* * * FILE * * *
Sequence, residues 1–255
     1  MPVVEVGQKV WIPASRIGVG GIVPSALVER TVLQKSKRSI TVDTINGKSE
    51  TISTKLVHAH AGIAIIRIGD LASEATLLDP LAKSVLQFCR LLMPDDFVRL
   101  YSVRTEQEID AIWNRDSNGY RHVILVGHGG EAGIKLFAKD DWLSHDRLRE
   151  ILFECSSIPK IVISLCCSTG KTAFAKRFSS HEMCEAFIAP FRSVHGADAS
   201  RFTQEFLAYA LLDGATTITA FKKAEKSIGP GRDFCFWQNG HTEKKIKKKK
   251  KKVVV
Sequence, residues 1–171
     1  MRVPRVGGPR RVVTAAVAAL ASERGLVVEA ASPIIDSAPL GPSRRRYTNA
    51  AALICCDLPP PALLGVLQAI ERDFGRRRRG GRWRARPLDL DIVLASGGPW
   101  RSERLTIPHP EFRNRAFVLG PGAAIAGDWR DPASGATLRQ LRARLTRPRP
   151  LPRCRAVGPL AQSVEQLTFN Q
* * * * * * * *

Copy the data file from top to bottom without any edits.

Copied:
Sequence, residues 1–255
     1  MPVVEVGQKV WIPASRIGVG GIVPSALVER TVLQKSKRSI TVDTINGKSE
    51  TISTKLVHAH AGIAIIRIGD LASEATLLDP LAKSVLQFCR LLMPDDFVRL
   101  YSVRTEQEID AIWNRDSNGY RHVILVGHGG EAGIKLFAKD DWLSHDRLRE
   151  ILFECSSIPK IVISLCCSTG KTAFAKRFSS HEMCEAFIAP FRSVHGADAS
   201  RFTQEFLAYA LLDGATTITA FKKAEKSIGP GRDFCFWQNG HTEKKIKKKK
   251  KKVVV
Sequence, residues 1–171
     1  MRVPRVGGPR RVVTAAVAAL ASERGLVVEA ASPIIDSAPL GPSRRRYTNA
    51  AALICCDLPP PALLGVLQAI ERDFGRRRRG GRWRARPLDL DIVLASGGPW
   101  RSERLTIPHP EFRNRAFVLG PGAAIAGDWR DPASGATLRQ LRARLTRPRP
   151  LPRCRAVGPL AQSVEQLTFN Q